a commemoration of his death and sufferings. 1. It is called a sacrament, that
it, a sign and an oath. An outward and visible sign of an inward and spiritual
grace; an oath, by which we bind our souls with a bond unto the Lord. Some,
however, reject this term as not being scriptural; as likewise the idea of
swearing or vowing to the Lord. See VOW.--2. It is called the Lord's Supper,
because it was first instituted in the evening, and at the close of the
Passover supper; and because we therein feed upon Christ, the bread of life,
Rom. iii. 20. 1 Cor. xi.--3. It is called the communion, as here in we have
communion with Christ, and with his people, 1 Cor. xii. 13. x. 17.--4. It is
called the eucharist, a thanksgiving, because Christ, in the institution of it,
gave thanks, 1 Cor. xii. 24, and because we, in the participation of it, must
give thanks likewise.--5. It is called a feast, and by some a feast upon a
sacrifice (though not a sacrifice itself,) in allusion to the custom of the
Jews feasting upon their sacrifices, 1 Cor. x. 18.
As to the nature of this ordinance, we may observe, that, in participating of the bread and wine, we do not consider it as expiatory, but, 1. As a commemorating ordinance. We are here to remember the person, love, and death of Christ, 1 Cor. xi. 24.--2. A confessing ordinance. We hereby profess our esteem for Christ, and dependence upon him.--3. A communicating ordinance: blessings of grace are here commuicated to us.--4. A covenanting ordinance. God, in and by this ordinance, as it were, declares that he is ours, and we by it declare to be his.--5. A standing ordinance, for it is to be observed to the end of time, 1 Cor. xi. 26. It seems to be quite an indifferent thing, what bread is used in this ordinance, or what coloured wine, for Christ took that which was readiest. The eating of the bread and drinking of the wine being always connected in Christ's example, they ought never to be separated: wherever one is given, the other should not be withheld. This bread and wine are not changed into the real body and blood of Christ, but are only emblems thereof. See TRANSUBSTANTIATION.
The subjects of this ordinance should be such as make a credible profession of the Gospel: the ignorant, and those whose lives are immoral, have no right to it; nor should it ever be administered as a test of civil obedience, for this is perverting the design of it. None but true believers can approach it with profit; yet we cannot exclude any who make a credible profession, for God only is the judge of the heart, while we can only act according to outward appearances.
Much has been said respecting, the time of administering it. Some plead for the morning, others the afternoon, and some for the evening; which latter, indeed, was the time of the first celebration of it, and is most suitable to a supper. How often it is to be observed, cannot be precisely ascertained from Scripture. Some have been for keeping it every day in the week; others four times a week; some every Lord's day, which many think is nearest the apostolic practice, Acts xx. 7. Others have kept it three times a year, and some one a year; but the most common is once a month. It evidently appears, however, both from Scripture, 1 Cor. xi. 26. and from the nature of the ordinance, that it ought to be frequent.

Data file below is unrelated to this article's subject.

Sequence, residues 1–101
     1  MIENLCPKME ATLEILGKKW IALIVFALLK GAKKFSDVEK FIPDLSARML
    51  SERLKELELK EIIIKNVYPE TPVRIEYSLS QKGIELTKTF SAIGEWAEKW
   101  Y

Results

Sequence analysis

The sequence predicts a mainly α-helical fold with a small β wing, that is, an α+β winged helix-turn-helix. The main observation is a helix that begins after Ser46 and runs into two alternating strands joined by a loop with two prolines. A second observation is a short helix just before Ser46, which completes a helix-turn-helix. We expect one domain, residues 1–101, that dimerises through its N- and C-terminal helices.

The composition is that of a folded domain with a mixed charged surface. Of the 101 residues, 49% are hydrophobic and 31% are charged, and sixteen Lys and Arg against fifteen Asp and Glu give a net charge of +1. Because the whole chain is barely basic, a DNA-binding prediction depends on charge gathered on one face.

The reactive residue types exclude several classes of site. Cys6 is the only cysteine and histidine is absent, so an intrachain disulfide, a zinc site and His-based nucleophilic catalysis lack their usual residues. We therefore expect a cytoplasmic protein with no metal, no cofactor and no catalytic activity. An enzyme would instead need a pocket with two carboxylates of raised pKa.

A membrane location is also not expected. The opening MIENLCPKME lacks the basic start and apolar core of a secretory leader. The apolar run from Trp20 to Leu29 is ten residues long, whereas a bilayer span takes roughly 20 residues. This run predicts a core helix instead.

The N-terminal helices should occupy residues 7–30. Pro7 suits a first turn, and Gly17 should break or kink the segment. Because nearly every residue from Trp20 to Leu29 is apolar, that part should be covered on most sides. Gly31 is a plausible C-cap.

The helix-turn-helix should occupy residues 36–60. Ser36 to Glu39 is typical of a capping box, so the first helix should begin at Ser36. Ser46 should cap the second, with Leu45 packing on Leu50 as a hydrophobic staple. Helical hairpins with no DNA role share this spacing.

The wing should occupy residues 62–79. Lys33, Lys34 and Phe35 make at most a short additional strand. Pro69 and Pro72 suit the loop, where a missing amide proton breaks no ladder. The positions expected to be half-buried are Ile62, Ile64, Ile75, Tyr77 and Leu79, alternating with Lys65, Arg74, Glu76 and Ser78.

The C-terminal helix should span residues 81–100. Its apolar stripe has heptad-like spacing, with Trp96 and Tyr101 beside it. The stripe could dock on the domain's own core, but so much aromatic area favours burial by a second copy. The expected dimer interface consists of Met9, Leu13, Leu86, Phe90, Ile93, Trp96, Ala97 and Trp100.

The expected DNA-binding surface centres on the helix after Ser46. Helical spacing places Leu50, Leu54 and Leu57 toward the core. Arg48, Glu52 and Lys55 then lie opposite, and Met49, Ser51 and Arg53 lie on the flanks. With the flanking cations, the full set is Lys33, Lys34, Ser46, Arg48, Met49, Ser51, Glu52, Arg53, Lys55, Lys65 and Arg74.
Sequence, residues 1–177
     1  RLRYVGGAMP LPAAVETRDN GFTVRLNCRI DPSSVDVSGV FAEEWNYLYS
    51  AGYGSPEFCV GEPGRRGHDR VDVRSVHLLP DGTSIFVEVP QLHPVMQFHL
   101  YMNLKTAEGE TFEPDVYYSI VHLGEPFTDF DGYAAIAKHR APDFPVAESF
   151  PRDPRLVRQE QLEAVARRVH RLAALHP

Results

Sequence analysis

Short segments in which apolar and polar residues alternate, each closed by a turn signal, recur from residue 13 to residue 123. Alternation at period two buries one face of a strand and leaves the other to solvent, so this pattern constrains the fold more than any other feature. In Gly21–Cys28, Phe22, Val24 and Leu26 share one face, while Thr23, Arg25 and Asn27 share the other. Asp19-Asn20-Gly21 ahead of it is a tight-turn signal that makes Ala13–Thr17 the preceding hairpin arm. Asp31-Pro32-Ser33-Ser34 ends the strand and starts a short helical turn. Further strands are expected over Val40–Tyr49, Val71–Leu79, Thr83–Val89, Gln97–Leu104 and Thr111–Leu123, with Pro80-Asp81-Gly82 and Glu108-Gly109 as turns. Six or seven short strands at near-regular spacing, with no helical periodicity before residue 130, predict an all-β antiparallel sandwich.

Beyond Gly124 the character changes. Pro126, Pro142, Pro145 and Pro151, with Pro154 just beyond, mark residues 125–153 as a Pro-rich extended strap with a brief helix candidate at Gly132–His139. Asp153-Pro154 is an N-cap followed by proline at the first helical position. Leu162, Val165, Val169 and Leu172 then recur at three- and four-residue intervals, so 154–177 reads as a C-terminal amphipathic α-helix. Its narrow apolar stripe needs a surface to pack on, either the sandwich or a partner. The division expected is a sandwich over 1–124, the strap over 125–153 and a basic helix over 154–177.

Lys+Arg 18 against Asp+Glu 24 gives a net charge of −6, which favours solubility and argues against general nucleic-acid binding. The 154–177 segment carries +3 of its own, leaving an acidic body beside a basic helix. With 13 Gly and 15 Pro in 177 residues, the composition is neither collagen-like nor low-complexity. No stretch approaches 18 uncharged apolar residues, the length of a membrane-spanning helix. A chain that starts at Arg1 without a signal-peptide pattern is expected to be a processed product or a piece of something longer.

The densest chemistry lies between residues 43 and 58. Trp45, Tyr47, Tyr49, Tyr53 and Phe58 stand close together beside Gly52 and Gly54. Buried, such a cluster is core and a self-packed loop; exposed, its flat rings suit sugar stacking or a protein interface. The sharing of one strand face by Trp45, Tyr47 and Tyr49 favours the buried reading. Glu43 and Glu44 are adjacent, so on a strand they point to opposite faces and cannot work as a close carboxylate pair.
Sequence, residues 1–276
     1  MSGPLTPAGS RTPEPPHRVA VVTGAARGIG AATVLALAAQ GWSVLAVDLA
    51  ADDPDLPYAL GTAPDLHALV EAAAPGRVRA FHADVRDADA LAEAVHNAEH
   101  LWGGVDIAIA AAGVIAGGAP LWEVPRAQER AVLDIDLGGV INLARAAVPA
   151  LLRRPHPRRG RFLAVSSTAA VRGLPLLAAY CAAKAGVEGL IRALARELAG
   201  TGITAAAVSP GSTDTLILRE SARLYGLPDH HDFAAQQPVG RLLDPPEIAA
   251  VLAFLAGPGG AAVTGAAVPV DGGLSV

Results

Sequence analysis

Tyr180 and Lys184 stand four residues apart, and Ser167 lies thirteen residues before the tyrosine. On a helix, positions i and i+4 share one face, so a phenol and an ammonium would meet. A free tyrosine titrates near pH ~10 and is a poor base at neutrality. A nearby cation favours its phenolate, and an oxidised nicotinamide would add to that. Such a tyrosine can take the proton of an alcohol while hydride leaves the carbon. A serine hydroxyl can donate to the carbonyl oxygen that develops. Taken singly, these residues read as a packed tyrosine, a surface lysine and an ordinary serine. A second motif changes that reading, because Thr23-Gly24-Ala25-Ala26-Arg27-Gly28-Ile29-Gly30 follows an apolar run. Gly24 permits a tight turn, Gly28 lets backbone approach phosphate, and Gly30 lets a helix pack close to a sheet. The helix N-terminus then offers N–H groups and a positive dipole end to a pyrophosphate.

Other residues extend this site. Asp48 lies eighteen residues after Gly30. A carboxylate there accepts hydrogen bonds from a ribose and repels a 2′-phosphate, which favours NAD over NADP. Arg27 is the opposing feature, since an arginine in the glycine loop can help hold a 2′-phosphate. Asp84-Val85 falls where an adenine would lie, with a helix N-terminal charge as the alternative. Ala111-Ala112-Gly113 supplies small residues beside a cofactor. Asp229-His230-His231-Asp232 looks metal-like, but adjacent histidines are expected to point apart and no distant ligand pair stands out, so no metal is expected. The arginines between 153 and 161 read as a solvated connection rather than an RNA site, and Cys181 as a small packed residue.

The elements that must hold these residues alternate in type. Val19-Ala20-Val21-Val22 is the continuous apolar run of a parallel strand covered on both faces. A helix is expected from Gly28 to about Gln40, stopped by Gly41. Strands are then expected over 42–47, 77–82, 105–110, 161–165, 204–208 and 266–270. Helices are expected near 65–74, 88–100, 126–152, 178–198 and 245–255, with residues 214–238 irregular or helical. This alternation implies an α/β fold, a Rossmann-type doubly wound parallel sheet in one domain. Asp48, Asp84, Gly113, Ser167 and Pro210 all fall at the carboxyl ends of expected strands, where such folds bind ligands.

As to the posture: Dr. Doddridge justly observes, that it is greatly to be lamented that Christians have perverted an ordinance, intended as a pledge and means of their mutual union, into an occasion of discord and contention, by laying such a disproportionate stress on the manner in which it is to be administered, and the posture in which it is to be received. As to the latter, a table posture seems most eligible, as having been used by Christ and his apostles, and being peculiarly suitable to the notion of a sacred feast; and kneeling, which was never introduced into the church till transubstantiation was received, may prove an occasion of superstition. Nevertheless, provided it be not absolutely imposed as a term of communion, it will be the part of Christian candour to acquiesce in the use of it in others by whom it is preferred. It appears that standing was at least frequently used in the Christian church, viz. always on the Lord's day, and between Easter and Whitsuntide. The manner in which this ordinance is administered, both in the church of England, and among Protestant Dissenters, is so well known, that we need say nothing of it here.
We will only subjoin a few directions in what frame of mind we should attend upon this ordinance. It should be with sorrow for our past sins, and easiness and calmness of affection, free from the disorders and ruffles of passion; with a holy awe and reverence of the Divine Majesty, yet with a gracious confidence and earnest desires toward God; with raised expectations; prayer, joy, and thanksgiving, and love to all men. When coming from it, we should admire the condescensions of divine grace; watch against the snares of Satan, and the allurements of the world; rejoice in the finished work of Christ, depend upon the gracious influence of the Spirit, that we may keep up a sense of the divine favour, and be longing for heaven, where we hope at last to join the general assembly of the first-born.